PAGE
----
By Zach Thomas
Arizona Daily Wildcat
The UA is now ranked 16th in research and development spending among all U.S. universities according to a recent national survey.
The University of Arizona, which spent $270 million in fiscal year 1994, jumped from $235.5 million the previous fiscal year.
The rankings, published annually by the National Science Foundation based in Washington, D.C., also placed the UA 11th in research and development spending among U.S. public universities.
"What this report establishes is that our faculty continues to be competitive nationally," said Michael Cusanovich, vice president for research and graduate studies.
Cusanovich stressed that dollars aren't the only way to rank research.
"Our strengths lie in the optics and astronomy areas and in the physical sciences," he said. "Agriculture has also moved up substantially in the rankings."
The difference in undergraduate and graduate research funding was unavailable, Cusanovich said.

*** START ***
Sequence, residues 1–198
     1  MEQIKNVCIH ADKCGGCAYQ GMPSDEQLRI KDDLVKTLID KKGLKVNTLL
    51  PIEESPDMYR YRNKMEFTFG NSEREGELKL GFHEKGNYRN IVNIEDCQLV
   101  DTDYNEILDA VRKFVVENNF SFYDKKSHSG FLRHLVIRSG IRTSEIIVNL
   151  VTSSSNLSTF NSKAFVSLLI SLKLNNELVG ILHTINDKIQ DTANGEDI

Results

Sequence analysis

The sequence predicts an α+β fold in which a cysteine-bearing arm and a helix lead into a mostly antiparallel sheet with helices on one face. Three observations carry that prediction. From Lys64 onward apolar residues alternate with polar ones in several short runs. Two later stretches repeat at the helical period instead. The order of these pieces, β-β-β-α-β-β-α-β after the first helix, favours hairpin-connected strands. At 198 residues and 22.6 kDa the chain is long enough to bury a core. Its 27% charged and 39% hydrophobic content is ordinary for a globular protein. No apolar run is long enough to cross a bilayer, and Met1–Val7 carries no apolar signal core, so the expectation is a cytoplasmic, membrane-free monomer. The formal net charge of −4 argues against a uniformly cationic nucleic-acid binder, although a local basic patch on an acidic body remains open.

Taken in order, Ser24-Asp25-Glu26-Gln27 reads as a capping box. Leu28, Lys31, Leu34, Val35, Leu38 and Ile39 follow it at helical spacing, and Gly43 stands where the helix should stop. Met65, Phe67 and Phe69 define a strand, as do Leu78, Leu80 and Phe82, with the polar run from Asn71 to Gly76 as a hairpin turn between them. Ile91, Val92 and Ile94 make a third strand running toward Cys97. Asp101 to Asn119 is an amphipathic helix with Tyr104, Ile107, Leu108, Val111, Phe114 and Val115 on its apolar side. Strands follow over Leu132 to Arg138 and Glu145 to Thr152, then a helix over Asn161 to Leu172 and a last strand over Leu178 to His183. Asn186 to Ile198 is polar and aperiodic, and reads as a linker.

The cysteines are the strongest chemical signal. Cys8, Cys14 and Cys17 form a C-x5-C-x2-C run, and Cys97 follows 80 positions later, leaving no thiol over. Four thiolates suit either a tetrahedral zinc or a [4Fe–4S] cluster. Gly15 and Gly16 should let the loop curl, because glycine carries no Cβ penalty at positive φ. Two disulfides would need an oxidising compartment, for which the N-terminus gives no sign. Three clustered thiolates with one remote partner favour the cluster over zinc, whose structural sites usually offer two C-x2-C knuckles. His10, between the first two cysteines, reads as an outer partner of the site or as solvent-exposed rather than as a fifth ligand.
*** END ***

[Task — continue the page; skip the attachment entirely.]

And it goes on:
The UA has received $293 million for the 1995 fiscal year, indicating that it may maintain its current ranking next year.
The university had a 14 percent increase in awards for fiscal 1995, Cusanovich said. "Based on that, we expect a significant improvement in the research expenditures."
The high expenditure ranking also indicates competitiveness on the national level. The National Science Foundation, for example, only funds 10 to 15 percent of the proposals it receives, Cusanovich said.
"The success that the UA has achieved is wholly based on the talent of our faculty," said Charles Geoffrion, associate vice president for research. "All of this comes at a time when there are more people chasing fewer dollars."
The largest UA research and development expenditures were made by science with $108.2 million, followed by: medicine, $73.2 million; agriculture, $22.8 million; engineering and mines, $18.6 million; vice president for Student Affairs, $12.9 million; senior vice president for Academic Affairs and provost, $10.5 million; vice president for research, $10.5 million; social and behavioral sciences, $8.5 million; pharmacy, $7.6 million; president's office, $7.25 million; education, $4.6 million; nursing, $3.1 million; and business and public administration, $2.5 million.
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